Apr 25, 2022  By Debbie Paneth  Category: Historical Preservation,

Soul Survivor

David Stoliar was the sole survivor of the 781 clandestine immigrants aboard the Struma, a Maapilim boat bound for the Land of Israel, when it was mistakenly torpedoed in the Black Sea by a Russian submarine on February 24, 1942

At 19, Stoliar had been living with his father in Bucharest, Romania when he was expelled from the Polytechnic Institute because he was Jewish. “Recruited” for forced labor, and facing both local anti-Semitism and the threat of Nazi genocide, David’s father took steps to send his son to pre-state Israel. He paid an exorbitant amount of money to get David released from forced labor and registered as a passenger on board the Struma. 

The hopeful passengers were informed that they would have a short stop in Istanbul, Turkey, to collect their immigration visas issued by the British who then ruled pre-state Israel. Although they were told the Struma was renovated, it was overcrowded, unsanitary, and barely seaworthy.

Shortly after the ship left Constanta, Romania, the engine broke down. A mechanic from the port was called aboard, made a perfunctory examination and demanded a fortune to do the repairs. The passengers, who had already been robbed blind by the Romanian authorities just to get on board, couldn’t pay up. After haggling, the mechanic agreed to accept 250 wedding rings for payment. The boat continued on to Istanbul for repairs.

The fate of the Struma and its occupants was in the hands of Turkish officials and British diplomats. Due to Arab pressure, the British government refused to give the passengers permits into pre-state Israel. To make matters worse, the British urged the Turkish government to prevent the Struma from continuing its voyage and Turkey did not permit the passengers to disembark. This horrifying situation continued for weeks and the Struma ran short of supplies, especially food.

On February 23, 1942, Turkish police boarded the Struma, detached its anchor and towed the boat down the Bosporus River out into the Black Sea. The engine still did not work and the Struma, with 781 Jewish refugees from Europe aboard, drifted quite helplessly in the Black Sea.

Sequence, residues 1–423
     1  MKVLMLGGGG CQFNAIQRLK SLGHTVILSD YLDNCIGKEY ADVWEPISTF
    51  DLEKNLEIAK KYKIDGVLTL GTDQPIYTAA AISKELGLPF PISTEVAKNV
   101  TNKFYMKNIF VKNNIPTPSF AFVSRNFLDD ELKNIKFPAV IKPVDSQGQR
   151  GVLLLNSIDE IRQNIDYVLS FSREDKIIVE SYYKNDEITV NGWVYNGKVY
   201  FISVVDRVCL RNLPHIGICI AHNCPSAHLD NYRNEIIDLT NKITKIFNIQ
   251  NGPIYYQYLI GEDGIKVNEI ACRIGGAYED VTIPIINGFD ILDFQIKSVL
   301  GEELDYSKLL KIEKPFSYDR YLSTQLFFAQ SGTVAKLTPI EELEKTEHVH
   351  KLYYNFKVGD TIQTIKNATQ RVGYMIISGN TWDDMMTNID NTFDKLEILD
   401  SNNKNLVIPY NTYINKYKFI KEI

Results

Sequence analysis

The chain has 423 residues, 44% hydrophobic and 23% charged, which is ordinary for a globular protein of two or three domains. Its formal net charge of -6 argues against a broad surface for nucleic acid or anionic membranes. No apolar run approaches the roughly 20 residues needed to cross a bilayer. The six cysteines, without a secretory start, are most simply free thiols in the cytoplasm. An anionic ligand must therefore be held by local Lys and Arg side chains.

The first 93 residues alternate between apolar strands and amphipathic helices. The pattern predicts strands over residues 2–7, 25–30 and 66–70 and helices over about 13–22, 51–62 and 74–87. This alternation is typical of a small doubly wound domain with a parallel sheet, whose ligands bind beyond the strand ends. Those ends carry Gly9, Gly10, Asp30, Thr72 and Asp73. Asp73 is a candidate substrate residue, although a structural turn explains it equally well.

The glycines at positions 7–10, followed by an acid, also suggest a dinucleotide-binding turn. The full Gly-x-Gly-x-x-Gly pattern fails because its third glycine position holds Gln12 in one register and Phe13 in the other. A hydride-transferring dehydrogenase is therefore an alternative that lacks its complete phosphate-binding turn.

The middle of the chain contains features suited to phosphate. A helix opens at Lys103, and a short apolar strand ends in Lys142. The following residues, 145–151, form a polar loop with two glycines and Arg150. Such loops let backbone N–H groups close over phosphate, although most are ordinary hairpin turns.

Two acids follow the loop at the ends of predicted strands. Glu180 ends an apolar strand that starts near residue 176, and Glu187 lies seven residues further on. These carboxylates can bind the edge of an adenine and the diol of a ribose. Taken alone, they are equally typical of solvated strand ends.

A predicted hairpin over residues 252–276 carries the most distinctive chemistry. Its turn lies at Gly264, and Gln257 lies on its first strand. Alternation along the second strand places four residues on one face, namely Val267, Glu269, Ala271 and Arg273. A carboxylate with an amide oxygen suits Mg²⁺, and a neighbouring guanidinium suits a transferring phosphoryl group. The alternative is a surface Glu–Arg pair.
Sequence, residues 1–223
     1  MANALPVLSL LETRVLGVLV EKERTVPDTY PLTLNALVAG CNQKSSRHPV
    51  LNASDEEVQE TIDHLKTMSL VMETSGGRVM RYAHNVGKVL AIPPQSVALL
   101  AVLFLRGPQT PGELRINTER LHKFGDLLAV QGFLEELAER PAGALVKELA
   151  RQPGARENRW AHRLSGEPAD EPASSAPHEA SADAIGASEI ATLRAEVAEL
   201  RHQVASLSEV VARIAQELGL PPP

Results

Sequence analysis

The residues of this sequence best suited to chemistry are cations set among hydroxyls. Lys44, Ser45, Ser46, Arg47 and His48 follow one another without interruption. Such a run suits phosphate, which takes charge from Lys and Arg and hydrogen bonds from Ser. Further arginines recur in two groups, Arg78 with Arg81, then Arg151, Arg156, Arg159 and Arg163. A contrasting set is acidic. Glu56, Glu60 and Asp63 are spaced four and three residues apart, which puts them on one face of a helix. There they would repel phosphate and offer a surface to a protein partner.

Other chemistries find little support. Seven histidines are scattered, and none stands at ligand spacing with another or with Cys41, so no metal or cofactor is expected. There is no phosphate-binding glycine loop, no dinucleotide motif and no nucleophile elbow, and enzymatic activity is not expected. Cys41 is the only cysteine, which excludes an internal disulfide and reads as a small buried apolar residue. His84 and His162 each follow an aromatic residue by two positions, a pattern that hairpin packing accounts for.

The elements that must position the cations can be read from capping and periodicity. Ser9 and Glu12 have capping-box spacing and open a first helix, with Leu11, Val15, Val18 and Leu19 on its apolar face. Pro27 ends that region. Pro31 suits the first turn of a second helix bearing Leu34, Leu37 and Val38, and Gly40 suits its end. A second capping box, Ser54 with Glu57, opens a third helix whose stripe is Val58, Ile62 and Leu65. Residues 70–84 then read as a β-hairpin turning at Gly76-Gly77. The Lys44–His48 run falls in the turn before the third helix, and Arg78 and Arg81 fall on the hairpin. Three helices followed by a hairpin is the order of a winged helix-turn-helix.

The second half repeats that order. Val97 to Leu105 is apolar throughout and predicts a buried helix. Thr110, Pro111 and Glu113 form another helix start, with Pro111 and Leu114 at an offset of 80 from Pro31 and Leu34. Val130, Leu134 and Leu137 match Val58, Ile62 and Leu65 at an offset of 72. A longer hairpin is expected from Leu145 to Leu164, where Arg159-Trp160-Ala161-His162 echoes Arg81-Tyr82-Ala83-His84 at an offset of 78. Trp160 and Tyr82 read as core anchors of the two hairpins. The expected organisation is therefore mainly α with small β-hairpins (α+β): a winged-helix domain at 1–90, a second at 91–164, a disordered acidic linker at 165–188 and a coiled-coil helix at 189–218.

On the morning of February 24, 1942 the Struma was torpedoed by a Soviet submarine, presumably by accident.

David Stoliar's testimony sheds light on the actual events. "The sea was perfectly calm and a little while before nine in the morning I heard a loud explosion. Within minutes the ship sank. I was thrown into the air, and when I fell into the sea, I saw only a few dozen of the Maapilim struggling with the waves but I could hear the cries of men and women. There were various ship parts floating on the water. Some of us clung to them, including me. The sea water was like ice. One by one, from the cold and exhaustion, the Maapilim who were holding on to the ship parts, fell into the depths of the sea."

As the cries of other passengers in the water died out slowly, David Stoliar found himself in the freezing water clinging to a piece of driftwood. Doing their best to stay alive, he and the boat’s second officer, Lazar Dikof, spent the night shouting to one another in order to stay awake and not lose consciousness. Dikof froze to death. David recalls, "At about noon I realized I was alone. I was wearing a short leather jacket that warmed me up."

David, the only survivor, was picked up by a Turkish boat.

After a two-week hospitalization, his health restored, David was arrested by Turkish authorities and held as a political prisoner for 48 days during which he was interrogated daily. During this time, the Jewish community in Istanbul secured David’s release and a permit from the British for him to enter the pre-state Israel.

At last, one permit out of 781 was granted.

David Stoliar was given permission to enter the Promised Land.

David Stoliar’s extraordinary tale is recorded at the Atlit Information Center at the Atlit Detention Camp, which is supported by the Jewish National Fund together with the Society for the Preservation of Israel Heritage Sites.

The Atlit Information Center has over 130,000 records of clandestine immigrants; including thousands of video testimonials, pictures and more.

This historic database preserves the stories of clandestine immigrants from Europe and from Muslim countries, who arrived when Britain ruled pre-state Israel from 1920-1948 and restricted the number of Jewish immigrants allowed into the country.

To learn more about all of the Heritage site preservation work done by Jewish National Fund - USA, please visit here.